The Covid-19 pandemic
This Project is due by 9:30 a.m. on Thursday, May 6 (our last class meeting).
In this project, you will be creating a system of differential equations to model the Covid-19 pandemic,
and then analyzing your model to make predictions about the course of the pandemic.
You will be creating an S-I-R system of differential equations that models the spread of the Coronavirus
through the population. As you hopefully recall from the worksheet we had on this type of model (it is
still on BB!), this divides the population into subgroups who are (S)usceptiable, (I)nfected, or
(R)ecovered. A system of differential equations models the movement of people into and out of each of
these groups. Once you have set up your model, you will analyze it and use it to make predictions about
the spread of the virus, and the impact that different measures can have on its spread. While the end of
the pandemic is hopefully near, the latest news suggests that we might be in for another wave, so it is
still important to understand the dynamics of its spread.
The system will be coupled and non-linear, and so you will likely not be able to solve for explicit
formulas for the different group sizes. As we’ve seen all semester, however, this doesn’t mean you
won’t be able to analyze the behavior of the solutions. Qualitative methods, including graphical
approximations (like slopefields) and numerical (like Euler’s Method or more sophisticated numerical
approximation algorithms such as MATLAB’s ODE45), are perfectly suited for situations when we cannot
explicitly solve the problem.
The project description will provide guidance on how to build your model, but this is intended an outline
to guide you and not step-by-step instructions. You will need to supplement what I provide with some
research on your own – there will be some helpful mathematics in our book, useful data online, etc.
And you may well think of improvement to the model beyond what I suggest – this outline will produce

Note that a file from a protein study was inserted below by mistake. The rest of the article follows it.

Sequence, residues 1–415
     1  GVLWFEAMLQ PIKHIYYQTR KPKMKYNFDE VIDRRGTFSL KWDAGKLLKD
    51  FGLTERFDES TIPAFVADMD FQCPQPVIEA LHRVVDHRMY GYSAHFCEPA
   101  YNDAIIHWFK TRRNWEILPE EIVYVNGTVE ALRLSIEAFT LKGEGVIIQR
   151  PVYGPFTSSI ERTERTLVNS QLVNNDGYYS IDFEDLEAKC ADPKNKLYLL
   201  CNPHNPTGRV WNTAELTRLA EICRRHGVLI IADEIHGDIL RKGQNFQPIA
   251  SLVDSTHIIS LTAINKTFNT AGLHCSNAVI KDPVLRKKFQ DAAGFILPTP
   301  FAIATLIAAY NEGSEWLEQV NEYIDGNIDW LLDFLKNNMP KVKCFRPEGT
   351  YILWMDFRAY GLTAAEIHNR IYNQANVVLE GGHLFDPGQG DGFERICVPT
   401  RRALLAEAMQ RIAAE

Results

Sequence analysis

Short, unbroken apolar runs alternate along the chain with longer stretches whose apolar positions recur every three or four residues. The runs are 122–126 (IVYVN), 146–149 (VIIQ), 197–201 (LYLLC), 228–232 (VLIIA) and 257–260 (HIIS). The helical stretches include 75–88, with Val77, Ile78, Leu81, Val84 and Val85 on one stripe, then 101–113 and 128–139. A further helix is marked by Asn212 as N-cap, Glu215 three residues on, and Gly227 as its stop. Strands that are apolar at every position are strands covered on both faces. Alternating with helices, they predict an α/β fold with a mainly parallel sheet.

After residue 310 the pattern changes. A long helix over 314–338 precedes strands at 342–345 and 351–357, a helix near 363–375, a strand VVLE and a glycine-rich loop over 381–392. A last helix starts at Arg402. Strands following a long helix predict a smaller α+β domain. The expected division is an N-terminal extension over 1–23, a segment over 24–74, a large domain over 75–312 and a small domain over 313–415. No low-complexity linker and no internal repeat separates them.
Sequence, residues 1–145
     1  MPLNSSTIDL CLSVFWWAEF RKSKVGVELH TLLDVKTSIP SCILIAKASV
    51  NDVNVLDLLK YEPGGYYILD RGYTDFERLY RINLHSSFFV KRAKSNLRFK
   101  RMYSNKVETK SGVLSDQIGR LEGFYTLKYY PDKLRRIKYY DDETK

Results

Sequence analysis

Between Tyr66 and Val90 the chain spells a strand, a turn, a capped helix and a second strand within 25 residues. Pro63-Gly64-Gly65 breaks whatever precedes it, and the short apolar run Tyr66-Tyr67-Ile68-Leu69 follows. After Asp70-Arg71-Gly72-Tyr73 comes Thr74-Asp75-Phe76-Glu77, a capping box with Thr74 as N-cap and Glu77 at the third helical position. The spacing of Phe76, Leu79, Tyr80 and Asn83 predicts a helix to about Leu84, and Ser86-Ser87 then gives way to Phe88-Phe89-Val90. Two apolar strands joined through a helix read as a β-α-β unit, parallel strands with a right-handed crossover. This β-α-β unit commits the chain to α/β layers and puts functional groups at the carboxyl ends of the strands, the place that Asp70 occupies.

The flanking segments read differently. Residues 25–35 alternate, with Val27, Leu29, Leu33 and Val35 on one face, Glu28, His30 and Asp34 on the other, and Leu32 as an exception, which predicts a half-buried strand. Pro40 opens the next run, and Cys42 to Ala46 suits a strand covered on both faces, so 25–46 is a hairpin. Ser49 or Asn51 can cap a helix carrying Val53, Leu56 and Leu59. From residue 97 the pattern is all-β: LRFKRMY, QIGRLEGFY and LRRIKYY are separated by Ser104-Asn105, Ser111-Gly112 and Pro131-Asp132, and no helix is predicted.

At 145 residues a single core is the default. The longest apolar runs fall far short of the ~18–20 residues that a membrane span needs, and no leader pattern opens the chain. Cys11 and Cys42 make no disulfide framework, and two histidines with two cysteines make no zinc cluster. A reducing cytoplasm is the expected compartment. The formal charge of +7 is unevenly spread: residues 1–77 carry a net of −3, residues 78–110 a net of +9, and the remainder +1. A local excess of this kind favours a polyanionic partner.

“good” results, but not “great”– if you can make it better, you should do so!
You may seek help, and you may collaborate with others in this class, but ultimately what you submit
must be your own work, not just a copied version of someone else’s. And I definitely am not interested
in seeing someone else’s model (published or not) for how the virus is spreading – it is the act of
creating the model that is important here.
Step 1: The first thing you will need to do is select a time and place to model. Choose a focus that will
not be chosen by others in the class – that way you can discuss your work with others with no worry
that you will be getting the same answers (remember, working together is allowed, but multiple people
submitting the same work is not!). As an example of what I mean, you may choose to look at how the
virus first spread in Maryland last spring, but you could also concentrate on a different state, or different
country – if you are from someplace not around here, or have family in a different part of the country or
world, pick a place that is meaningful to you. Then decide whether you are going to work with data
from when the pandemic first struck your region, or maybe a later wave. You have a lot of flexibility
here, but please remember that the emphasis will be on the mathematical modeling, not public policy –
so while it is great that Australia has pretty much eliminated the virus, and Israel has succeeded in
vaccinating the majority of its population, these countries’ efforts should be admired (and possibly
emulated), but would not make for a very interesting mathematical model at this point!
As you build your model, you will need to make some simplifying assumptions, but want this to be at
least somewhat realistic. Record the assumptions you make, and why you chose to make them, and be
sure to discuss these in your analysis.
Start your model simple, and then build it up to make it more realistic – don’t try to do everything at
once! I suggest you start by modeling the spread in the absence of the vaccine (if you are modeling a
time period before the past few weeks it is unlikely that many people were vaccinated anyway), and
then go back and see what the impact would have been if different levels of the population were
Questions to think about:
1) What is the population size of the region you are modeling? Over a few week time period during
the wave that you are studying, what was the size of I? Based on these values, estimate values
of the derivative of I during that time period.
2) Each interaction between a member of S and a member of I has x% chance of spreading the
disease (and moving that person out of S and into I). Recall that interactions between
populations are proportional to the product of the population sizes. Based on your data and
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